Gregory, we are obviously not communicating. Links were requested to instances of Darrel Falk or BioLogians explicitly denying tenets of science-journal Darwinism to do with religion (useful adaptation? by-product?), in favour of an explicit statement that true* religion is a direct revelation. By "denying," is meant denying in such clear terms that those journal authors - should they come across the statement - would be expected to clearly realize that Falk or the BioLogians in general disagree with them about the origin of religion *as a matter of interpretation of the facts and not as a matter of personal feelings.* Perhaps you published the links and we missed reading the post. Apologies, if so. When subjects as critical as that are not clear, hollering along for Jesus is, at best, a waste of time and at worst seriously misleading. Timaeus seems to think that Falk hedges on this point, and News is inclined to agree. but providing links would resolve the matter. This is News' last contribution to the discussion with you, in the absence of them. * Of course there can be false religion IF there can be true religion, thus we can ignore the former for now. The science journal Darwinists do not believe religion can be either true or false in an empirical way. News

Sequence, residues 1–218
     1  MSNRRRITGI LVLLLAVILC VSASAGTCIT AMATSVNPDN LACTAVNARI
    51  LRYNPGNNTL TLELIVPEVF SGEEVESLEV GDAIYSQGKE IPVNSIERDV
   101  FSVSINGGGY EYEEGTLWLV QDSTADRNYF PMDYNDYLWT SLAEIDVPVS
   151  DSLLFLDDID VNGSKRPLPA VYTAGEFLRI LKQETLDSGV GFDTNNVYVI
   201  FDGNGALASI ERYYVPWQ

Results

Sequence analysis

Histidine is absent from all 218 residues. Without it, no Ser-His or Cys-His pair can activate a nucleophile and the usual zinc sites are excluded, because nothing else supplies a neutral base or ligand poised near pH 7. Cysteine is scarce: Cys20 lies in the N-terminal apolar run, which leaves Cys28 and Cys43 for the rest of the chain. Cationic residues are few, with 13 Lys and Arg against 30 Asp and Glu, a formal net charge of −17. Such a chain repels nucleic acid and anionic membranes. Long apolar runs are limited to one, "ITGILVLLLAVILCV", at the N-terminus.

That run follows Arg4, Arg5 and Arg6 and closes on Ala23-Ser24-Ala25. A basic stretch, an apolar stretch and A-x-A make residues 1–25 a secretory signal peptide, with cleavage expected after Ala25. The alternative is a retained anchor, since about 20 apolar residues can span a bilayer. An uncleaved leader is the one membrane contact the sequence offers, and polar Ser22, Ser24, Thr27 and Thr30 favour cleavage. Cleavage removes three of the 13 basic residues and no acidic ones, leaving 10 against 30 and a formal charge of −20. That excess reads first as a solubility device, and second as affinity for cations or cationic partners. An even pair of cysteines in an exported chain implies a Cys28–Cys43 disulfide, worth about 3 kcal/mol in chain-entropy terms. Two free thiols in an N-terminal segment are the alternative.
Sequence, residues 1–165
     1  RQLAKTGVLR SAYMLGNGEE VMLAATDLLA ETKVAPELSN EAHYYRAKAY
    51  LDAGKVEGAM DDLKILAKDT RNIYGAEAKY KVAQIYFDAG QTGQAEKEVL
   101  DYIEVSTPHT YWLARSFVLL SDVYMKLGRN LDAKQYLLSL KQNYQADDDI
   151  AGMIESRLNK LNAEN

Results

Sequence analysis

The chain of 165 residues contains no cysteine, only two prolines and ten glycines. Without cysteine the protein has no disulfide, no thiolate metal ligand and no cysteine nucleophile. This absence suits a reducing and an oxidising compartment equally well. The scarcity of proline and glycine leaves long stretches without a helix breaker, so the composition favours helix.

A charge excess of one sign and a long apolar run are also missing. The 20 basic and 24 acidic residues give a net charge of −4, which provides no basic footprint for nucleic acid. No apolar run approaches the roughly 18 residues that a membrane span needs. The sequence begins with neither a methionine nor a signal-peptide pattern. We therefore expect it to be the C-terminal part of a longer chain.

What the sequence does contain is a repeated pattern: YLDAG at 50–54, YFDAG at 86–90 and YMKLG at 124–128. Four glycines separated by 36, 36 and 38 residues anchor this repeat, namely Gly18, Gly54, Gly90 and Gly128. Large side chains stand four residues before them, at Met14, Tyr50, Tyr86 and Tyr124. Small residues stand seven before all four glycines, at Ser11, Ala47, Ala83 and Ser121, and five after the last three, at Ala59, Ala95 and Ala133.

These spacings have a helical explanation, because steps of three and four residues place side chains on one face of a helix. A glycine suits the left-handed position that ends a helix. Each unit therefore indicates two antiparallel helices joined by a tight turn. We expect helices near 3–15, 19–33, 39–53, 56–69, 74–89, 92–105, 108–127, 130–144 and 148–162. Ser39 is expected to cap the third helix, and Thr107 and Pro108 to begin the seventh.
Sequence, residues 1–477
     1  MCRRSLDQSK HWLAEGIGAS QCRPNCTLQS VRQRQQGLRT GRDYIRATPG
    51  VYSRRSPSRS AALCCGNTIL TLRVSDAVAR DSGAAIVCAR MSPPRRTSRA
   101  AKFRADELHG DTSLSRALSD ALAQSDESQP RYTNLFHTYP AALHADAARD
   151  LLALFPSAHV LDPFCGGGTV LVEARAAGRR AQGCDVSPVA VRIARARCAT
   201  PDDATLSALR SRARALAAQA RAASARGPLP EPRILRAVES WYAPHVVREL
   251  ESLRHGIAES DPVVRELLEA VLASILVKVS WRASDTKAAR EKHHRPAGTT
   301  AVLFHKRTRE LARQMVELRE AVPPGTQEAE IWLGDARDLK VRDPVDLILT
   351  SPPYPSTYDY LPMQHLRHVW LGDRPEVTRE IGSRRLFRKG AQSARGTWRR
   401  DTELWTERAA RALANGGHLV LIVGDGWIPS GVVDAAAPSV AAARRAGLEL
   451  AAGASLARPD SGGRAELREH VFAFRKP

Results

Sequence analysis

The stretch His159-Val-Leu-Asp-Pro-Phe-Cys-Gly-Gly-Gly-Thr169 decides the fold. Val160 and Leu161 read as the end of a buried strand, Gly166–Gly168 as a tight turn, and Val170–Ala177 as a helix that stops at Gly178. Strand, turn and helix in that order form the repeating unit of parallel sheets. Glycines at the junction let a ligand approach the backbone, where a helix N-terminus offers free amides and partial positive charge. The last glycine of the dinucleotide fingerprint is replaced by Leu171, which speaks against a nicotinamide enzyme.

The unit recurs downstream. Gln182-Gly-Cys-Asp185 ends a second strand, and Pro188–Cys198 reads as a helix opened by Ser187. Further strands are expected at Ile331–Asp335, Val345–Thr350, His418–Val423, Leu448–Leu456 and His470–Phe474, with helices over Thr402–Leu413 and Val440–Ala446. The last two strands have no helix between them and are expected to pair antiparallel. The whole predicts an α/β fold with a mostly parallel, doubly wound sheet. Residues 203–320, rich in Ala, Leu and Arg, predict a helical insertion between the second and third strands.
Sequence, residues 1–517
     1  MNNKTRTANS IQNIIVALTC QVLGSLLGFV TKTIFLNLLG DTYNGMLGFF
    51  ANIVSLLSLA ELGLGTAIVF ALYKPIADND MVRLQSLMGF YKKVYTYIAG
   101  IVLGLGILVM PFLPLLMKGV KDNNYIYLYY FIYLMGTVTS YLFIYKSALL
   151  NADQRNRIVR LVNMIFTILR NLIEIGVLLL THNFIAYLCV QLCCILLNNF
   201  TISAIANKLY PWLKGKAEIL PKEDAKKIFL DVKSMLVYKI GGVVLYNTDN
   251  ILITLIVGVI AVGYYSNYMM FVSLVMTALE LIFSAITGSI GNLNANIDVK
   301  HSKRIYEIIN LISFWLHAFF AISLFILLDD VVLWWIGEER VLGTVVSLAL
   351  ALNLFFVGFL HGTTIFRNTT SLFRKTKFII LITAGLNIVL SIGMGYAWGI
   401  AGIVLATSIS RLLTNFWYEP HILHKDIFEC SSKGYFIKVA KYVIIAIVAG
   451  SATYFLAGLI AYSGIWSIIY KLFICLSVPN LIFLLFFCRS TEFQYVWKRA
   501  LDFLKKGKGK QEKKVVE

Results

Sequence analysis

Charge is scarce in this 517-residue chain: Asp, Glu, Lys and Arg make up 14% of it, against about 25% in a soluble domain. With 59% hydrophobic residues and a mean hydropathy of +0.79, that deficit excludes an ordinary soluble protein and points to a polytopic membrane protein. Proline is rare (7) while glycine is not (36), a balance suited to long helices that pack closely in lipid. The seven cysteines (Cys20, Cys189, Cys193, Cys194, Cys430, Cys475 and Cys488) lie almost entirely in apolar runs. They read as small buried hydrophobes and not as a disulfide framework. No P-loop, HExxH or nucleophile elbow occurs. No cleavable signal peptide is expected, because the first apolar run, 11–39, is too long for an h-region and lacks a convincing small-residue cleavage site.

@8 News I tell you what, News, take a Sunday (or Saturday or another time of Service) to go together to church with Darrel, Kathryn, Ted, Mark, et al. - read the Christian Creeds beside them, sing a hymn with them, then come back here and tell me that BioLogos is *not* prepared to say that religion is the outcome of revelation. Could you do it? Is it a deal? It just befoggles me that you consider this an issue of any contention at all. It isn't. "...held forth on religion in recent years." - News To me, this is one of the primary definitions of 'intelligent design theory' - to purposely "hold forth on religion," because it aims to be 'science-only,' Dembski's "THE Bridge" phraseology aside. I just don't see ID 'touch-down' on the other side of that bridge, yet you are demanding of Falk that he and BioLogos do just that and continue to label him inappropriately, condescendingly, with the intent to mock and provoke, in a way that he has finally now said 'NO' to. So, in response, hopefully with respect and dignity, what are you going to do? Gregory